President Trump was this year's runner up in the TIME Magazine Person of the Year search. He claimed in a tweet last week that the editors called him wanting to give him the honor, but he said no thanks after they demanded a photoshoot and interview.
TIME offered the big reveal to the TODAY show Wednesday, telling the anchors that Trump's tweet was incorrect. Still, the president earned the second place position because he changed politics and is on the verge of his first major legislative achievement.
The main recognition, however, went to The Silence Breakers - the female forces behind the #MeToo movement. Tarana Burke, Megyn Kelly, and actresses Ashley Judd, Alyssa Milano and Rose McGowan were just some of the women TIME interviewed for the top title. All had a hand in empowering women to speak out about sexual abuse in their respective industries, the editors said.
Rose McGowan and Ashley Judd, two of the first Hollywood actresses to speak out against producer Harvey Weinstein, said for too long "there wasn't a place" for them to report their experiences. Indeed, many feared that speaking out would jeopardize their careers.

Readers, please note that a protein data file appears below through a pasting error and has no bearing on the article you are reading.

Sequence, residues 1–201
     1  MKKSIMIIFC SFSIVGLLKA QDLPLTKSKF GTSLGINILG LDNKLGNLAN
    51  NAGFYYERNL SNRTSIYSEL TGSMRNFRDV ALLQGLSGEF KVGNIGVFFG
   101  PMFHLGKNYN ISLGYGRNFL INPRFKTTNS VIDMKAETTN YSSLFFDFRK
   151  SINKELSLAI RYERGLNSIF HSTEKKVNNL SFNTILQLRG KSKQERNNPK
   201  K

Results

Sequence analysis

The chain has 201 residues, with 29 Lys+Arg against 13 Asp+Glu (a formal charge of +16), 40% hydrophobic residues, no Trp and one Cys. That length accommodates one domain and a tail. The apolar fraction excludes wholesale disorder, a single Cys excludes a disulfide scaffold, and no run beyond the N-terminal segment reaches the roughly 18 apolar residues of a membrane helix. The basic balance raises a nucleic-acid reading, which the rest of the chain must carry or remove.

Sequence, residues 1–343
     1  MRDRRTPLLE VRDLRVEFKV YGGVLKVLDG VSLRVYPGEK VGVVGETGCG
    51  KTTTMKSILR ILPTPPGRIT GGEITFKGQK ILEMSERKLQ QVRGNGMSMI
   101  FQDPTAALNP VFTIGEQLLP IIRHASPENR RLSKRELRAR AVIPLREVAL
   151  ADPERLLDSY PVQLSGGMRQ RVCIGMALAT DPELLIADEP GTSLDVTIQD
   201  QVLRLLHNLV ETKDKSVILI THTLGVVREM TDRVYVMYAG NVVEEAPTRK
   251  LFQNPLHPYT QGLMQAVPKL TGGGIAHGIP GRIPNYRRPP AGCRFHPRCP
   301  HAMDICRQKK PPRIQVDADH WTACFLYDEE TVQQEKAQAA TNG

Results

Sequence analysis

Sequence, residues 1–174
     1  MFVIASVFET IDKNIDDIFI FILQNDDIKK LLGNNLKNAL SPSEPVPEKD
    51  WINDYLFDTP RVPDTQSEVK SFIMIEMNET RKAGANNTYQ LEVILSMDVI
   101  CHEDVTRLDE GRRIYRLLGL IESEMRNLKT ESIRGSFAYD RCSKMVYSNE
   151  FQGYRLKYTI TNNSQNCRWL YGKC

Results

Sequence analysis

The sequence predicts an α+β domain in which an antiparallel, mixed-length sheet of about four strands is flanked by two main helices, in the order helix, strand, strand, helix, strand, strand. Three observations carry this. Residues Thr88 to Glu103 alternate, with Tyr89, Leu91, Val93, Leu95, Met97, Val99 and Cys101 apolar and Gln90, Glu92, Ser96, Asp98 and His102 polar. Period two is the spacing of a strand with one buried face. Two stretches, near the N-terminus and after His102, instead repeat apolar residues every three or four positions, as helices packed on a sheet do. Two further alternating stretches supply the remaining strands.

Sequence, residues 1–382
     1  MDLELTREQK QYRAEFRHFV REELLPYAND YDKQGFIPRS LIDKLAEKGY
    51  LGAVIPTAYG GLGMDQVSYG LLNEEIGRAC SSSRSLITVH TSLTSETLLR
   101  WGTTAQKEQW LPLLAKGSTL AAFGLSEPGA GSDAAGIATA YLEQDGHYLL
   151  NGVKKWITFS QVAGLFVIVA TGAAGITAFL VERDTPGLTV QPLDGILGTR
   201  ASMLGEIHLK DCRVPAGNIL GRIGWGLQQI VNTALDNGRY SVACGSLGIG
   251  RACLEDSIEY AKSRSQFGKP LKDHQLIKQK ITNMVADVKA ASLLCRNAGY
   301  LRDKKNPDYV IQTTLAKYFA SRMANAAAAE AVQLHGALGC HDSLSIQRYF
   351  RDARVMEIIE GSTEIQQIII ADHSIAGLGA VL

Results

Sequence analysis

"Why not fight back" now, McGowan said.
Her friend and fellow actress Alyssa Milano said she was "inspired" to follow McGowan's lead. She's now fighting for companies to hire more women and enforce codes of conduct.
TODAY's Megyn Kelly, formerly of Fox News, said she thought maybe the culture could change for her daughter, but she "never" thought things could change for her.
"Women are starting to believe we don't have to live like this," she said.
Tarana Burke, founder of the #MeToo movement, says she was surprised by the vast support it's received. She started the campaign, she shared, just to raise awareness in her local community. As we now know, the news spread quickly.
Trump, it turns out, was mentioned among the winners after all. He was supposedly one of the precipitating factors of the #MeToo movement.
That Donald Trump could express himself that way and still be elected President is part of what stoked the rage that fueled the Women's March the day after his Inauguration. It's why women seized on that crude word as the emblem of the protest that dwarfed Trump's Inauguration crowd size. "All social movements have highly visible precipitating factors," says Aldon Morris, a professor of sociology at Northwestern University. "In this case, you had Harvey Weinstein, and before that you had Trump."